How To Make Your Wardrobe More Environmentally Friendly

Whether it’s reducing meat in our diets or making a concerted effort to separate out our cardboard and glasses, many of us are more mindful of taking care of the environment. It’s important to take stock of how we affect climate change, and day to day changes we can all make.

This month is ‘Second Hand September’, run by Oxfam to highlight the damage that the fashion industry has on the environment and the waste produced from us throwing out clothes. ‘Fast Fashion’, cheaply made and cheaply priced clothes, especially causes a lot of problems and is now a big part of the industry now.

Here are some facts about the impact of clothes on the environment:

  • It takes 2700 litres of water to make a cotton t-shirt. That’s the same amount of water than one person would drink over 12 years.
  • Us Brits buy more clothes than any other EU country, much of which ends up in landfill or incinerated.
  • UK households sent 300,000 tonnes of clothing to landfill in 2016.
  • One wash load of polyester clothes can release 700,000 microplastic fibres into the environment. Half a million tons of these microfibers end up in the sea each year, and aren’t biodegradable because they are made from fossil fuels.
  • In 2000, moist brands produced two collections a year, but by 2011 this became 5. Zara releases 24 a year. This has lead to clothes being seen as more disposable.
  • In 2015 the industry was responsible for 1,715 million tonnes of CO2 emissions and consumes more energy than the aviation and shipping industry combined

All these facts may seem far too big for us to tackle, but there are little things we can all do to help improve our own carbon footprint and reduce the effect of ‘fast fashion’

Shopping In Your Wardrobe

How many of us are guilty of having so many clothes that we sometimes forget certain things we have? Sometimes you don’t need to buy something new for an occasion coming up – make sure you look through your whole wardrobe. There might be a dress you haven’t worn for years but makes you feel good! Try things on rather than just dismissing them straight away, sometimes things look better on than on the hanger.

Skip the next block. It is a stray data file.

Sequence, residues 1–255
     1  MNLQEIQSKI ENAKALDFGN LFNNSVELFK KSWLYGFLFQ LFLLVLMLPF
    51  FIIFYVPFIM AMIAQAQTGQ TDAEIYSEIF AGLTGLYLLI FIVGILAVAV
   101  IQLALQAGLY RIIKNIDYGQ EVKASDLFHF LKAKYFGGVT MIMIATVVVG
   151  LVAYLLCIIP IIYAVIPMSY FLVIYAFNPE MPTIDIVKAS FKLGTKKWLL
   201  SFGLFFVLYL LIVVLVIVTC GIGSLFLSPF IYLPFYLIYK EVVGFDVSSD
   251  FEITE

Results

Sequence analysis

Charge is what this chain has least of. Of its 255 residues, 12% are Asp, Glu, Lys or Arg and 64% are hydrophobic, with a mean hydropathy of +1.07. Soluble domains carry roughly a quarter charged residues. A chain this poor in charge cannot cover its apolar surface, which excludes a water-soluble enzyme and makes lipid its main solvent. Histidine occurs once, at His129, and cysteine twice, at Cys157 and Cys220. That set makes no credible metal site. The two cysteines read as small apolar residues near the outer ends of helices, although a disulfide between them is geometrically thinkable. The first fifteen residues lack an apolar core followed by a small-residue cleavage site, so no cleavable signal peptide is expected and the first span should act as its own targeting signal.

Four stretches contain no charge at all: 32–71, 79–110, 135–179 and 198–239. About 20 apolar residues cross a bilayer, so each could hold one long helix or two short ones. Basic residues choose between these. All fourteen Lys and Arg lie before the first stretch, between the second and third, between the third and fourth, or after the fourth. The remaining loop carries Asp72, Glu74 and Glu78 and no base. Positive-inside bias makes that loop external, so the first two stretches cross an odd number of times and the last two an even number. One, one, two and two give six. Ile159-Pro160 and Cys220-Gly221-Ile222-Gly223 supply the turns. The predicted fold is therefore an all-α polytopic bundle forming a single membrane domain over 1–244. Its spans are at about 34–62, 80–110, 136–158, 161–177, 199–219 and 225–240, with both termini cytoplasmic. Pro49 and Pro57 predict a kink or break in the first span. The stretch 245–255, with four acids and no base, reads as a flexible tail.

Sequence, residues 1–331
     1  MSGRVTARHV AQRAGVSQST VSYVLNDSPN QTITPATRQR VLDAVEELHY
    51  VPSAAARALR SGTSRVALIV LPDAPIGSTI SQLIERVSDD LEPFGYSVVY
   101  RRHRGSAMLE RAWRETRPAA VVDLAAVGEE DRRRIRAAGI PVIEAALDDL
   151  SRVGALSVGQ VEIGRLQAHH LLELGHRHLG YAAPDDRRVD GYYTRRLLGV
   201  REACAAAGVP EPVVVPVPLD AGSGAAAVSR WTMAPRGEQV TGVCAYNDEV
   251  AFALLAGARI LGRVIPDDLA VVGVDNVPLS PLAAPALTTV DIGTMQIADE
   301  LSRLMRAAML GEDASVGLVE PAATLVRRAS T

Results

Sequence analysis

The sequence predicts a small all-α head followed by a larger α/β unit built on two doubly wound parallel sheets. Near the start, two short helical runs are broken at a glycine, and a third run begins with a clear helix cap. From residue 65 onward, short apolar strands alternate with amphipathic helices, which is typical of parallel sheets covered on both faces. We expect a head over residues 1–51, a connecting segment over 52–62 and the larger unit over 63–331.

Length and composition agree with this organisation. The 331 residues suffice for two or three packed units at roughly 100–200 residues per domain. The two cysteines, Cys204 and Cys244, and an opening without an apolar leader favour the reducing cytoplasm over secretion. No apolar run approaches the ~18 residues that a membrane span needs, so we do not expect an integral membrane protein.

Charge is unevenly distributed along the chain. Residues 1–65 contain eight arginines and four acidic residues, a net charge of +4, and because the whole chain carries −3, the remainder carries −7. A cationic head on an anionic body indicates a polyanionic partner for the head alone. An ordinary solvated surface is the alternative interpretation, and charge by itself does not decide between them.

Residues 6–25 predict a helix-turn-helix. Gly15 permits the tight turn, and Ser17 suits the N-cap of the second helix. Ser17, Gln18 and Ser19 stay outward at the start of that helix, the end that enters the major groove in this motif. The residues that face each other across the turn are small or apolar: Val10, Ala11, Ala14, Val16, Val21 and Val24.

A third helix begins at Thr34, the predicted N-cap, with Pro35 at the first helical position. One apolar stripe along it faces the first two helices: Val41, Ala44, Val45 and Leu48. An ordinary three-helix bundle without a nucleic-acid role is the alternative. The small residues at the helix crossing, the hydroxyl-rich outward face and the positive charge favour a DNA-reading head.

Swap Clothes With Friends

If you are lucky enough to have friends that are the same size, do some clothes swapping! Something that you may not feel looks good on you might look great on a friend, and vice versa! Make a date to raid each others rejects!

Shopping With Ethical Companies

Many brands work hard to reduce their carbon imprint so you can seek out and buy from brands that are more ethically responsible. This includes using fabrics that are kind on the environment, ensuring factories are using environmental practices, producing locally and offsetting their carbon footprint. A few environmentally friendly brands to try are H&M Conscious, Reve En Vert, Ilk and Ernie, Madia and Matilda, Cossac, MayaMiko and Komodo.

Shopping in Charity Shops

Sometimes charity shops can seem like they’re only for old people but these days there are many ways to shop pre-worn clothes. Re-fashion is an online shop with a curated selection of second-hand clothing and a lot of people sell their designer pre-worn gear on apps like Depop.

Invest In Your Clothes

A £2 top can tempt us all but if you can afford it, try to invest in your clothes. When you spend more, the quality is usually higher and the clothes last longer. This means we’re less likely to be throwing out clothes often, which contributes to landfill waste. Look after your clothes. Don’t wash them too often, not only is too much washing a waste of water, but it also means they don’t last as long.

Donate and Recycle

Instead of chucking anything you don’t want in the bin, make sure you donate to charity or drop off at the recycle bins specifically for clothes that you can usually find at supermarkets.



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